16/05/2020 | Steven Marshall MP | Stephen Wade MLC | More Jobs | Better Services

New treatment spaces at the Women’s and Children’s Hospital are being built by eight local businesses as part of the Government’s strong plan to mitigate the health and economic impacts of COVID-19.

Premier Steven Marshall said the nine temporary new spaces would enable the hospital to respond to any new wave of COVID-19 or other respiratory illnesses in children during the coming months, while also creating local jobs during construction.

“We have a strong plan to protect South Australians from both the health and economic impacts of this nasty virus and projects such as this help us deliver on those commitments,” Premier Marshall said.

“South Australia has successfully flattened the curve, but there will be future outbreaks - we need to be ready to respond to them.

“The Government remains prepared for all scenarios and the nine new spaces will help further strengthen our state’s response to coronavirus.”

Minister for Health and Wellbeing Stephen Wade said the innovative units would increase the number of children the hospital can assess and treat, while also limit the potential spread of infection to both vulnerable hospital patients and staff.

“The Women’s and Children’s Health Network will review other potential uses for the units beyond the COVID-19 pandemic to ensure they can continue to be utilised where they are most needed,” Minister Wade said.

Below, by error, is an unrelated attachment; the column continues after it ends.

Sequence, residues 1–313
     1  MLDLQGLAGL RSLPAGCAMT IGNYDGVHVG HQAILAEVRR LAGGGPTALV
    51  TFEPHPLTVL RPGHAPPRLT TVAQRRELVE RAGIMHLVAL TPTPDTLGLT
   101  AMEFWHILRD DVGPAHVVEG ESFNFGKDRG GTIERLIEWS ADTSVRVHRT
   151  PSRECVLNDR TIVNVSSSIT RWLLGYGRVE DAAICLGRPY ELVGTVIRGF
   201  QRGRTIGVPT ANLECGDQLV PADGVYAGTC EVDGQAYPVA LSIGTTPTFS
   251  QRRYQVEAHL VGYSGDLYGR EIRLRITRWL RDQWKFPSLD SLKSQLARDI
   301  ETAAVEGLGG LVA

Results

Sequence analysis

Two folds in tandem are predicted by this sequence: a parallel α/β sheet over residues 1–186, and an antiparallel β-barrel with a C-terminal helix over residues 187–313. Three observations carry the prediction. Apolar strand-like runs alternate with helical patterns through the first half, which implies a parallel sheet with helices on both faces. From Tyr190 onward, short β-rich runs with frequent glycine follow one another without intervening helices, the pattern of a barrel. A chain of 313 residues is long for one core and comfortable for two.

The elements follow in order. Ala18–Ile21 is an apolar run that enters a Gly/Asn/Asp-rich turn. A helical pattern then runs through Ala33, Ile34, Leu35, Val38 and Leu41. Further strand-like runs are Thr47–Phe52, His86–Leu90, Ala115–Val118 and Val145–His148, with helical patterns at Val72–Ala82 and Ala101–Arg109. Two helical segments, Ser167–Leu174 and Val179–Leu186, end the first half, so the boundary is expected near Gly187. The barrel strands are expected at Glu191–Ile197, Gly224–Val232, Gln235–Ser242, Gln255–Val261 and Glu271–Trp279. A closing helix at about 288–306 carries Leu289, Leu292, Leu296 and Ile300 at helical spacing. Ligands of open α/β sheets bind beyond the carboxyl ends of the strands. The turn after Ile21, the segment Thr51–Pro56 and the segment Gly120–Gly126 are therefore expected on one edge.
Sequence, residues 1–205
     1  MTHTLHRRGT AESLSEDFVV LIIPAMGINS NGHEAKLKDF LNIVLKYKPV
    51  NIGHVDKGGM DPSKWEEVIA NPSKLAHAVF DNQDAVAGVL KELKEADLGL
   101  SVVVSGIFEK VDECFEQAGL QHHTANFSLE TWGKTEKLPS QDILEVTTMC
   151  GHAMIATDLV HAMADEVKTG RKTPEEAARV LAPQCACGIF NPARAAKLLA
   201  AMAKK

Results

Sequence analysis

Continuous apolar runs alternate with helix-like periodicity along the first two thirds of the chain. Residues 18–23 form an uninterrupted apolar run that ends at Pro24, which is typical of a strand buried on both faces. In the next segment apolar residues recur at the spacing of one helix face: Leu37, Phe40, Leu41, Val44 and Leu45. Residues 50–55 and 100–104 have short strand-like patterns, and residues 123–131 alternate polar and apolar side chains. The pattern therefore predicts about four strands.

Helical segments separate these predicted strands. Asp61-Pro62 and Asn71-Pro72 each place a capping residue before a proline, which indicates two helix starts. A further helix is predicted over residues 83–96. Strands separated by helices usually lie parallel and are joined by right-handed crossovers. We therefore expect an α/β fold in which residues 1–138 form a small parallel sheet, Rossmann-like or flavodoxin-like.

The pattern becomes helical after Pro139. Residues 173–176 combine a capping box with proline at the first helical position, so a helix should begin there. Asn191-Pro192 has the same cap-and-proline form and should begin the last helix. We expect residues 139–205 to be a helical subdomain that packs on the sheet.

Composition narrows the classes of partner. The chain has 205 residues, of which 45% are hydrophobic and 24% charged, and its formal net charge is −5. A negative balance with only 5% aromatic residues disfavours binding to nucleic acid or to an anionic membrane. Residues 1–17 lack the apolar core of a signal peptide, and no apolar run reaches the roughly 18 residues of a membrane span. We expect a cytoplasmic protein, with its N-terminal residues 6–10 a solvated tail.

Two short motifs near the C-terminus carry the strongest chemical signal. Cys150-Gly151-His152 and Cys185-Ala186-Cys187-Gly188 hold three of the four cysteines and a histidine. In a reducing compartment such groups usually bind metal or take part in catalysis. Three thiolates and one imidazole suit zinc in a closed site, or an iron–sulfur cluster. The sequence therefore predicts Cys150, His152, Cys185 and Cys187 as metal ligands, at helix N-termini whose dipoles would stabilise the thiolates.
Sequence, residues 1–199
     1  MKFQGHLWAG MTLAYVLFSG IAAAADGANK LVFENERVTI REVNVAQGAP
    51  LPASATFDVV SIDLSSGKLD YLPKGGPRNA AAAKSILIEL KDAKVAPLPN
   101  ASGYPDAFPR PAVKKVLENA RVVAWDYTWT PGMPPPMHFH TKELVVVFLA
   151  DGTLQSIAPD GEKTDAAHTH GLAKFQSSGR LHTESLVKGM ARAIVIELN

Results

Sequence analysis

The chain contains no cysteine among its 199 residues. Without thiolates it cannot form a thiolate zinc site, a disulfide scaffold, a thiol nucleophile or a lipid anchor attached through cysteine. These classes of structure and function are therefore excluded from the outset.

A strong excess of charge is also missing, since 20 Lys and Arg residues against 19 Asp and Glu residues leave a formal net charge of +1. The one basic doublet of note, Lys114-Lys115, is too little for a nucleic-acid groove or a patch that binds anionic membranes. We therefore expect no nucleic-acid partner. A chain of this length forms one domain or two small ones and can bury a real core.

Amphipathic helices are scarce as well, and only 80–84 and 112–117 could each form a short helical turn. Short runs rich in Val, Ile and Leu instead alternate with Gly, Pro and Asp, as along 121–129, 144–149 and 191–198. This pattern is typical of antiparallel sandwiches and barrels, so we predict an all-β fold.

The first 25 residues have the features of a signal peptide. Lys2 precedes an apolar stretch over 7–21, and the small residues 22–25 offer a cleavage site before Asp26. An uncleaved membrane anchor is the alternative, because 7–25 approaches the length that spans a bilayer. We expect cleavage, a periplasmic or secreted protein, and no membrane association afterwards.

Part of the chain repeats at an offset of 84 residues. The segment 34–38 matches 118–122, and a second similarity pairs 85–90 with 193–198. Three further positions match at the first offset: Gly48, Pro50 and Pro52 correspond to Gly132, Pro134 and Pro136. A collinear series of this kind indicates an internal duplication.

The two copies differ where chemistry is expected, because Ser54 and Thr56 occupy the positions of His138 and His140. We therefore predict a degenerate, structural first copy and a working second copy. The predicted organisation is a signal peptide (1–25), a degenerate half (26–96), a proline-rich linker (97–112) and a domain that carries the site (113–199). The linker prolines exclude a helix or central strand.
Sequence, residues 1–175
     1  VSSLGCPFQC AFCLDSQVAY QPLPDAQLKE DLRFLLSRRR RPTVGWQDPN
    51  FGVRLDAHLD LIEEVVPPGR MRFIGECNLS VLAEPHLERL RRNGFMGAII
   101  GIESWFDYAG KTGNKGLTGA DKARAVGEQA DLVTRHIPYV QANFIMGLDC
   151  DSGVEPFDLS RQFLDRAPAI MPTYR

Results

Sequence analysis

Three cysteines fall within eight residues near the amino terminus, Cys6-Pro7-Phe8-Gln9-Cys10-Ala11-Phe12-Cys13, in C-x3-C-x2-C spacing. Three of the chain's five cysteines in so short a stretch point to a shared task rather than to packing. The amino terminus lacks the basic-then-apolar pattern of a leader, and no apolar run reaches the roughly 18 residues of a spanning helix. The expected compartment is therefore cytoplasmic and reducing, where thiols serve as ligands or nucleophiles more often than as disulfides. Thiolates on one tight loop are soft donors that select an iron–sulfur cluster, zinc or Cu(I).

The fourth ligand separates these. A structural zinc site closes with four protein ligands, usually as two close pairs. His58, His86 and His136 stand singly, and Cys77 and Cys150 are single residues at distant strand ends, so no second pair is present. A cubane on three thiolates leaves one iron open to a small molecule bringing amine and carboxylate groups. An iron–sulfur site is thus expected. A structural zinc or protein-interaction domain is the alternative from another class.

Funded by the Federal Morrison Government, the modular units cost $900,000 in total, and will be fitted with equipment found in a standard emergency department bay..

They will be set up on Sir Edwin Smith Drive and will be connected to the hospital’s Emergency Extended Care Unit (EECU) via an external corridor.

Philip Robinson, WCHN Director of Corporate Services, said the efforts of all South Australians had bought vital time to continue to bolster the hospital’s response.

“We don’t want to see another child diagnosed with COVID-19, but if the situation does arise, the additional spaces will help us keep them and our other vulnerable patients safe,” Ms Gough said.

“Slowing the spread of the virus is thanks to everyone’s efforts, and I urge everyone to continue to do the right thing to help protect the health of everyone within our community.”

A dedicated design team and group of local contractors are working to install the units in just four weeks.

The businesses include Specialised Solutions, Mossop Construction & Interiors, Detail Studio, Lucid Consulting Australia, BCA Engineers, Robert Bird Group, Rider Levett Bucknall and BuildSurv.

Construction is expected to be completed by the end of the month, and will be activated if and when required.